complicated video-ornaments, in which he composed mass media and film images into mobile units of biomorphic character, onto a rock standing out from the wall of one of the chateau’s gates, and the other onto a wall in the chateau park covered with bindweed.

Corine Stübi occupied one of the chateau’s cellars. In the dark environment with giant wooden wine barrels and a giant wine press6, she screened her brand new short horrorinspired film The Chase. Her work also shows a rapid development from flashy video performance to a conceptual reflection of narrative conventions. Stübi has a good grasp of film genres which allows her to not just follow them but to question them. She reveals and visualises their structures to the viewer but also makes sure her films loses none of its appeal. Men walking through a sunlit forest – with flashlights… as if looking for something… there are also nasty neo-Nazis with flares and tattoos… in the end they are all sitting around a camp fire on white pedestals. In The Chase, Stübi works with the laws of horror films, with the archetypes of fear, symbols of violence, rituals and kitsch.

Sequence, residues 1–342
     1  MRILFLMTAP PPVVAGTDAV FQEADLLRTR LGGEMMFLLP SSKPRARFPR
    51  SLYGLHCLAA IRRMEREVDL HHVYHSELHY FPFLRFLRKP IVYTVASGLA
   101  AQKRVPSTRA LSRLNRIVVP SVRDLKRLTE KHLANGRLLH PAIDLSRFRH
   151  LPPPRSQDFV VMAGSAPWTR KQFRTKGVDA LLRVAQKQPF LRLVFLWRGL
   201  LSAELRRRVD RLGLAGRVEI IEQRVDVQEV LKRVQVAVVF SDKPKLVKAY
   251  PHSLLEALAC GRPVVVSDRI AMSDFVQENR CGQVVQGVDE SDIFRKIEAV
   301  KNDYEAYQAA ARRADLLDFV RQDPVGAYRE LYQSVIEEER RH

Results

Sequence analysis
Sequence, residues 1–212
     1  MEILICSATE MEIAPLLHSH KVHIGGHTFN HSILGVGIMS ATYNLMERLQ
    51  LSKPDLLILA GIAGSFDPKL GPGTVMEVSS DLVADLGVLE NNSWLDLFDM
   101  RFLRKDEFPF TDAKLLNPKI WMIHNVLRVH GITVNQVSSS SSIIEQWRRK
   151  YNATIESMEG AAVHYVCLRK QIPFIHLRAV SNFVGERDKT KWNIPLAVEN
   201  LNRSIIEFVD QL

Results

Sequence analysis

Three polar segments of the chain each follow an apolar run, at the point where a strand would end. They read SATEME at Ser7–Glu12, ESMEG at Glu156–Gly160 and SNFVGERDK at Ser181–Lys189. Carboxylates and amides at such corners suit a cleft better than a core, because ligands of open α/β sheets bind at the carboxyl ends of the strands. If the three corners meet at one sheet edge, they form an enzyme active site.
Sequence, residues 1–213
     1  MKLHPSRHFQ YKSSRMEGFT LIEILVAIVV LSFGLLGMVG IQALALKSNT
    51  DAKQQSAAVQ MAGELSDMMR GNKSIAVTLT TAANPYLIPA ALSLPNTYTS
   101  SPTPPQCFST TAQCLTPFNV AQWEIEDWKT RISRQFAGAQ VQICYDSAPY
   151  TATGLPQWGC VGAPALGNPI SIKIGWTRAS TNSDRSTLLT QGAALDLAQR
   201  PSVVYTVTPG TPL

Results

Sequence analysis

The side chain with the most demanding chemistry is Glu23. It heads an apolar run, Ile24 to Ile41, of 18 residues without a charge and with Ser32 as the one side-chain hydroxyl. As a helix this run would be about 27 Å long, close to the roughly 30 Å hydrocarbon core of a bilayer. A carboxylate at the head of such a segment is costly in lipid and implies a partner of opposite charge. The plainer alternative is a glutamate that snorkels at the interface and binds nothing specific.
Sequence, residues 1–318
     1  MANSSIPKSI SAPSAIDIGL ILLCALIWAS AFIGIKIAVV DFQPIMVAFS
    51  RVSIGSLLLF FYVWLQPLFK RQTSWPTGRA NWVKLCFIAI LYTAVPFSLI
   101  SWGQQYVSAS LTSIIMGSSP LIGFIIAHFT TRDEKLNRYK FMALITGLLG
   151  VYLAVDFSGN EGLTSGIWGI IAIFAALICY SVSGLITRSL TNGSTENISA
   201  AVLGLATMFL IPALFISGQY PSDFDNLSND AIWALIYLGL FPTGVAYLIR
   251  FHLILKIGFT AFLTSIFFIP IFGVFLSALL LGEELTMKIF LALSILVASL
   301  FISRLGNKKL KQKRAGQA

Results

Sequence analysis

The Mikulov Art Symposium “dílna” presented a small portion of the whole spectrum of possibilities of the electronic media – there was no other way. But the first inquiry into this territory turned out so well that we should think about how much space should be devoted to them in the coming years. Inter-mediality and the deliberation on an adequate relation between the idea and the media have become an integral part of creative strategies. For the upcoming generations it is natural to hold a pencil in one hand and to programme computers with the other. No one stands in their way and the world is full of possibilities of what to reflect and how. And since this is well understood in Mikulov, the symposium made another leap forward.

Jiří Ptáček

Notes: 1. The author of the text reserves the right not to be completely right. 2. The author of the text appreciated the exceptional professional and technical background of the event which is not common even at institutions that systematically present electronic media. 3. The author of the text is curious whether the plan to establish a public exhibition will affect the focus and the choice of participants of future symposiums. 4. The author of the text is aware that communist Czechoslovakia did not face threat posed by Austrians but rather by Czechoslovaks themselves who wanted to leave the country illegally, thus suggesting that something was wrong.   5. The author of the text saw no black cat, just like anyone he asked. Hörner and Antlfinger made an accommodation gesture of extending the rules of the game to cats of all colours. 6. The author of the text comes from southern Bohemia and had never seen such machines before.